Forehead – Bedroom Tapes

Posted: 4 February 2017 in Singles and EPs
Tags: , , , , , , , , , , ,

GoldMold Records – 10th February 2016

Christopher Nosnibor

Once upon a time, everything was tapes. The romanticism of a frustrating and often inconvenient medium has endured perhaps largely on account of the potential impermanence of their nature: how many music fans of the cassette age mourn the loss of a beloved recording on account of a moment’s forgetfulness which resulted in overrecording, or some freak event which resulted in demagnetisation? How many hours spent spooling and respooling tape which had become mangled in the heads, or otherwise stretched or snapped? The albums of yesteryear, all recorded to quarter inch tape, slowly decaying are an integral backdrop to our appreciation of the existence of the sounds they contain.

But is with books in the printed medium over digital text, it’s easier to form a bond with an artefact which feels somehow personal and personalisable. Just as a book with various creases and marks, perhaps even annotations develops a tangible, unique sense of ownership a Kindle edition never can, a playlist can never have the same resonance as a lovingly-sequenced mix-tape with hand-scribbled notes accompanied by a creased post-it or page from a spiral-bound notepad containing a covering note, folded into quarters and stuffed inside a scuffed case. On an emotional level, at least, sonic fidelity counts for less than fidelity to a pure moment, and it’s the thought that counts: those analogue documents of yesteryear can contain the entirety of a crush that dissipates in weeks or the early stages of a lifelong relationship on any level.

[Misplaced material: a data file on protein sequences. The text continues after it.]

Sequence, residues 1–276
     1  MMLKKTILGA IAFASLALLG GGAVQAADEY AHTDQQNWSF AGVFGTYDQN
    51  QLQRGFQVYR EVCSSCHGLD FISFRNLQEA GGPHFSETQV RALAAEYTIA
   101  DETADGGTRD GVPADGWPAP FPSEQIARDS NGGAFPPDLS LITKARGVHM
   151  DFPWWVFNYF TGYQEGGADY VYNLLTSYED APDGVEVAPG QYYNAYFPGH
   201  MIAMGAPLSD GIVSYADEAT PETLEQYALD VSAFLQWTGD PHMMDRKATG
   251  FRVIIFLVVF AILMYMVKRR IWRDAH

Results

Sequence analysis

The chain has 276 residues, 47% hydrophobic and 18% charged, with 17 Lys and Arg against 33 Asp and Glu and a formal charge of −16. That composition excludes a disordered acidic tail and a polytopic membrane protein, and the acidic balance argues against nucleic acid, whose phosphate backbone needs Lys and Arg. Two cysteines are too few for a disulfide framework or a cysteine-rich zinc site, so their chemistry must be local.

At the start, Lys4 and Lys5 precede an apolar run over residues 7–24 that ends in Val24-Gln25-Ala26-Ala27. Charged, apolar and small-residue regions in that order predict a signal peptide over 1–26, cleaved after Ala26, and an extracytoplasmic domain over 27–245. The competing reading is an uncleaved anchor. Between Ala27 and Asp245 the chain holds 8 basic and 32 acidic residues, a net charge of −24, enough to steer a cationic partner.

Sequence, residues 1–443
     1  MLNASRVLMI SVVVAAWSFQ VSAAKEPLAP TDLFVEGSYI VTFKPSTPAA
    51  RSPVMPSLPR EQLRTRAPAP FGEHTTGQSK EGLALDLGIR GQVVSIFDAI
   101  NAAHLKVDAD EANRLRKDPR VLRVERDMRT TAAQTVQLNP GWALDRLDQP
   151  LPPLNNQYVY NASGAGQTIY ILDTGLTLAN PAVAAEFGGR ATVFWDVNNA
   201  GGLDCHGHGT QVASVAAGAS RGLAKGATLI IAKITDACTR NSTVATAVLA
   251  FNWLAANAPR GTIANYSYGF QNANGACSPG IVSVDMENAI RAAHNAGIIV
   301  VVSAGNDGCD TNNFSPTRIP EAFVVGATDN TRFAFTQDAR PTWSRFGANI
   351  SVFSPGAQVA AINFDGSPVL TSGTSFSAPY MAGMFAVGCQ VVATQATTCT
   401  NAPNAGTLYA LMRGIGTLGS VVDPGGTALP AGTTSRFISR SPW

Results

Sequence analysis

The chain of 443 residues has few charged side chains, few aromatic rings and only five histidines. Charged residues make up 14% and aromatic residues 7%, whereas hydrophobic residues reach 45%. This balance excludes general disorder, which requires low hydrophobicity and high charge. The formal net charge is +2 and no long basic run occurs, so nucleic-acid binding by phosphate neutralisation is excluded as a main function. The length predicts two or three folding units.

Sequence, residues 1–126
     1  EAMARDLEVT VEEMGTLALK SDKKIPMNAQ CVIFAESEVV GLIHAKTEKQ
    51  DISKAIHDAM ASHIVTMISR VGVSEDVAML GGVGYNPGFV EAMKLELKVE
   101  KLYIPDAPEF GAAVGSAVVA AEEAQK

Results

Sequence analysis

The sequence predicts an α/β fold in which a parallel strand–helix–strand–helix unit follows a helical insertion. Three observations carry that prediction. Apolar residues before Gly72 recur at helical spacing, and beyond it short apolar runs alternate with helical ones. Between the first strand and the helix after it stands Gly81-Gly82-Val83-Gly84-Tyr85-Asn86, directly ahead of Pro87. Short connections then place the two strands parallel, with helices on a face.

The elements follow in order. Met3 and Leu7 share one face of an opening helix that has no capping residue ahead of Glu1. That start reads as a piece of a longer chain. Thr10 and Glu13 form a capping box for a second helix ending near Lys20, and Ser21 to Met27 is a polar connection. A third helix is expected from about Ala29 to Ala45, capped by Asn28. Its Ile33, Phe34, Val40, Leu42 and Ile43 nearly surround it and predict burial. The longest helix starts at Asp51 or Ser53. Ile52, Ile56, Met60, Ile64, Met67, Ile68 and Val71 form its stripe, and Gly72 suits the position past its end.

While the debates over the nostalgia ‘industry’ continue to rage, it’s fair to say that the renaissance enjoyed by the cassette is not a purely economic one. After all, the costs involved in burning a bunch of CD-Rs and stuffing them into handmade sleeves is negligible, and even though a bulk batch of 100 C30 cassettes can be obtained for in the region of 55p per unit, the time and effort required to dub even a small run of tapes is proportionally greater than any number of CD-R burns. But the changing nature of the music industry means that where it’s at now is in the small-scale, the personal, and the idea that an artist or label has invested time and personal attention on a product imbues the object with an instant emotional resonance.

The debut release from Glasgow’s Forehead – the vehicle of Sean Garrett (said to be ‘the shyest frontman you’ll ever meet’ and mother goose of the Lovely Ladies) – is appropriately named, as it is being released – if you hadn’t already deduced – on (baby blue) cassette, in a limited edition of just 15. It’s also being released as a download of course. Because no artist makes a release exclusively for 15 people.

The blurb notes that the four tracks contained herein ‘have been about for a while but are only being released now, a testament to Sean’s wholly unwarranted modesty’. And yes, the songs are superb, in a sketchy, nervous, hesitant yet achingly sincere way. You get the impression that Garret’s shyness is integral to the material, to the extent that its awkwardness defines what makes it special. And by no means interpret awkward as clumsy: there’s a skilled songwriter hiding behind the sonic fog here.

Regardless of the protracted journey between conception, recording and release, in keeping with the EP’s title, Bedroom Tapes conveys the spirit of 90s analogue enthusiasm. Low-key, lo-fi indie rock songs, reminiscent less of Pavement and more of Silver Jews, define the Forehead sound. This only serves to amplify the nostalgic quality of the release, evoking the excitement of hearing something stubbornly lo-fi, dubbed from a cassette or a record, the grind of a worn stylus on cheaply-pressed vinyl, for the first time.

Forehead also captures the awkward shyness of J Mascis on ‘Honest’, and the swampy plod of ‘Corner Pieces Falling Apart’ bursts into slanted psych-hued noise before crawling off to hide under the table.

 

Forehead

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